Ever since having to use a phone to call one of you EHHS girls for a date, my relationship with phones has been, at best, a mixed bag. I've never been one to curl up with a phone and talk mindlessly for hours.
Until I settled on a steady girl at EH, or rather she settled on me, I would pace, dry sweaty palms, and fight dry throat before calling my intended date. Then, within a few moments, everything was O.K. As is often said, "this, too, shall pass" and it did.
However, not much later, about the time I left the house to take on the world by myself, the telephone took on another status...an extreme irritant. Siding salesmen, newspaper subscriptions, and hundreds of other dopey propositions started coming in on my phone...and those were the days before you could switch off the ringer, dump to voice mail, or screen with caller ID. Working with a large corporation with far-flung divisions, wide-spread internal interests, and an array of customers introduced yet another level of telephone irritation. In pretty short order, I came to view the telephone more as nuisance than anything else and sought to live life as free from them as possible.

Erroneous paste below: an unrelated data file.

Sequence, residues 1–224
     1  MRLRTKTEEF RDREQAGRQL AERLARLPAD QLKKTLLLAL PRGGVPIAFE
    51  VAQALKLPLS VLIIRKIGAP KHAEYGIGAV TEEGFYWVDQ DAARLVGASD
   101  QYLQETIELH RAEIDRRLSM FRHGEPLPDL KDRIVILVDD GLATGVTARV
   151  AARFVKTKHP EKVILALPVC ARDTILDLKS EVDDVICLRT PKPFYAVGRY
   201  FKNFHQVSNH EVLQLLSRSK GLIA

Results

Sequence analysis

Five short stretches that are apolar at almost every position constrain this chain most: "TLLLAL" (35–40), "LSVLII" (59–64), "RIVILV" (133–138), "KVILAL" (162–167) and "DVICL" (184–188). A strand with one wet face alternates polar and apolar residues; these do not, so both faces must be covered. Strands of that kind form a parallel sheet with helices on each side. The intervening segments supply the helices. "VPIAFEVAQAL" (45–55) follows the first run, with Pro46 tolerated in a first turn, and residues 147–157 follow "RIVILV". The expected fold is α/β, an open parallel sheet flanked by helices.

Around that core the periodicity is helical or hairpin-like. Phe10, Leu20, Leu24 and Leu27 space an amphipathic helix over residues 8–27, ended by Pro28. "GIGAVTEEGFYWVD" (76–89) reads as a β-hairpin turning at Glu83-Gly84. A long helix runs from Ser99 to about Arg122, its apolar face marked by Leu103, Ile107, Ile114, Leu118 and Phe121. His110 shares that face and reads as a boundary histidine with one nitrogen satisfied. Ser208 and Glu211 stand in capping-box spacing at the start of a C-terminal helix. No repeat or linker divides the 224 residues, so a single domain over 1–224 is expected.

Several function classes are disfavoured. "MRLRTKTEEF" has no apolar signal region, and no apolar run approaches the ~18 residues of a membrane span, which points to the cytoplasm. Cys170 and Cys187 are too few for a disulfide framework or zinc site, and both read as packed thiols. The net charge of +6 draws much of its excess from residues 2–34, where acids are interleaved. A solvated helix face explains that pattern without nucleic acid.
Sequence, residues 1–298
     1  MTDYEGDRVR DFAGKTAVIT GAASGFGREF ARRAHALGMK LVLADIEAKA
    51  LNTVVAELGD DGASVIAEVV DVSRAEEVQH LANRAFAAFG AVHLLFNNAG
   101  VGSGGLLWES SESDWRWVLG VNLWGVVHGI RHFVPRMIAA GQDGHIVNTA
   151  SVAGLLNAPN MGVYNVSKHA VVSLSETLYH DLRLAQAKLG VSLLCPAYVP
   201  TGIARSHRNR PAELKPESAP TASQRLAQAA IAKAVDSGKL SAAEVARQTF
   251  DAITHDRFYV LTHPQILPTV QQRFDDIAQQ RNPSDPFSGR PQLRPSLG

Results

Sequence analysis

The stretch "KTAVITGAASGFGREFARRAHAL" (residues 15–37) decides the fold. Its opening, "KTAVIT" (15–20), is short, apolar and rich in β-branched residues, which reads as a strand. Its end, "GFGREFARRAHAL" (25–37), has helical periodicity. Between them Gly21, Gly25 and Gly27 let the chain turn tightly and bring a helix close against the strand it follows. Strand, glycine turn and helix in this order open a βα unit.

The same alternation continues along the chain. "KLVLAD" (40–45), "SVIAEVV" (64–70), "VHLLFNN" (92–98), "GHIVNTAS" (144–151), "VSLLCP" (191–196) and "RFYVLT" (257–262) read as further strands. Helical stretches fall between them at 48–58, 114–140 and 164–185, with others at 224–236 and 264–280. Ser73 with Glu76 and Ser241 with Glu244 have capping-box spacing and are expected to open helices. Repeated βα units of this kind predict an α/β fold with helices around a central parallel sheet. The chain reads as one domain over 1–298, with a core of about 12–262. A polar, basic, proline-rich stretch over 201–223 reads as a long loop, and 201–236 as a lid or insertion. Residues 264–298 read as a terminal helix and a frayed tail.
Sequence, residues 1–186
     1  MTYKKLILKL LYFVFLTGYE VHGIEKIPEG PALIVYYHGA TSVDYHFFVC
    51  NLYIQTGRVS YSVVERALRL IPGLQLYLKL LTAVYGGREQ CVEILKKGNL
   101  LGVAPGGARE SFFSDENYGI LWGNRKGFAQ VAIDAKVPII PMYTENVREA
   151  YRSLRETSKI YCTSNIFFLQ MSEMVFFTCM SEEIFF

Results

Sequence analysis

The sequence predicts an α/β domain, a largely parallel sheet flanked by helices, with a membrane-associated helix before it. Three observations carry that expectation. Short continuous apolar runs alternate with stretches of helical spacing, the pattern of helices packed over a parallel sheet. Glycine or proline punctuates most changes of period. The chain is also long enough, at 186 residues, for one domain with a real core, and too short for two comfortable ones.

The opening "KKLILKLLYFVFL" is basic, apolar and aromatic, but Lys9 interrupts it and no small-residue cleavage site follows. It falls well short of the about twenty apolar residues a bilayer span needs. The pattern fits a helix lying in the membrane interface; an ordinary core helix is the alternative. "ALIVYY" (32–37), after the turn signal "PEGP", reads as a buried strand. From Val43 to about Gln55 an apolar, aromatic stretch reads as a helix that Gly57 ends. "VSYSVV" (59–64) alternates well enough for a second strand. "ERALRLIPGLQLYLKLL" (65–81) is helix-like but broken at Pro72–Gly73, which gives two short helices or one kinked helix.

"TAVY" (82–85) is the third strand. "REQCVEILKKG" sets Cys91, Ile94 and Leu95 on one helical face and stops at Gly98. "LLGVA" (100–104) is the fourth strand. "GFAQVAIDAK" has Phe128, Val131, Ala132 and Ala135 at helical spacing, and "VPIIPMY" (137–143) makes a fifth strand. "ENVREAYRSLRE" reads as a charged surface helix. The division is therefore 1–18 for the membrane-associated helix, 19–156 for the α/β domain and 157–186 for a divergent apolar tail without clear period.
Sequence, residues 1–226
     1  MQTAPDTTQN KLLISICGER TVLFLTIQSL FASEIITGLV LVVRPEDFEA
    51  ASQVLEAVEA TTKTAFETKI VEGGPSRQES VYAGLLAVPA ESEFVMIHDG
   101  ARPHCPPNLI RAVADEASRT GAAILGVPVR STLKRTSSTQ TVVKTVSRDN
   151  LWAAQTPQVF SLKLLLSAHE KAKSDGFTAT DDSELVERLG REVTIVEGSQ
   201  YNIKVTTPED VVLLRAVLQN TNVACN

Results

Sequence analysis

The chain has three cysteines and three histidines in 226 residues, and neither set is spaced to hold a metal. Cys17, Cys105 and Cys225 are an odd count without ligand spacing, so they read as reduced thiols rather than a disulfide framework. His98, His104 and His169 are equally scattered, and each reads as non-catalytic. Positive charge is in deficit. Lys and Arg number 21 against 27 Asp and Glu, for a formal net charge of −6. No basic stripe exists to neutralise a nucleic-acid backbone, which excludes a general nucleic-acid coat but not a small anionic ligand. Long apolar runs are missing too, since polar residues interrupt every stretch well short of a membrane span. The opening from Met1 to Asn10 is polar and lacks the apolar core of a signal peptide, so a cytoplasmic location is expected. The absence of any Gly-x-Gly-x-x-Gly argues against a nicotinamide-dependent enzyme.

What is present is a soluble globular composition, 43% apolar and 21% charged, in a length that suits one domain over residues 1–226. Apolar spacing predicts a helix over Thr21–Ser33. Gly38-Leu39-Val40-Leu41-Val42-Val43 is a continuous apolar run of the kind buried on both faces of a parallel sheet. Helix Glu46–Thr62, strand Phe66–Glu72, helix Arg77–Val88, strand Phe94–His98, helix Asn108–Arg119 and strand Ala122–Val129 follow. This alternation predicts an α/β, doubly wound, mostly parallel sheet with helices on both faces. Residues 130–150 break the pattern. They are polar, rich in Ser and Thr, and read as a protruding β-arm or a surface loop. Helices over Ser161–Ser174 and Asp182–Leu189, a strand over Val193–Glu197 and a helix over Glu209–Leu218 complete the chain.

You may have noticed that I put a link to DILBERT along the upper, right side panel. Scott Adams, Dilbert's creator, has been amazingly locked in on modern-day corporate nuttiness since the mid-1990s, demonstrating daily that neither clarity nor truth need many words to convey their message. Recently, he did a couple of panels on the current telephone fad, "smart phones." I look to DILBERT ( & Adams) to render an accurate portrait of many things we see being breathlessly touted in TV ads these days. I think he may have done it yet again, this time on the underlying truth of smart phones.
Wireless internet access has always been a beguiling prospect unfortunately, plagued by a number of technical limitations. Maybe it still is.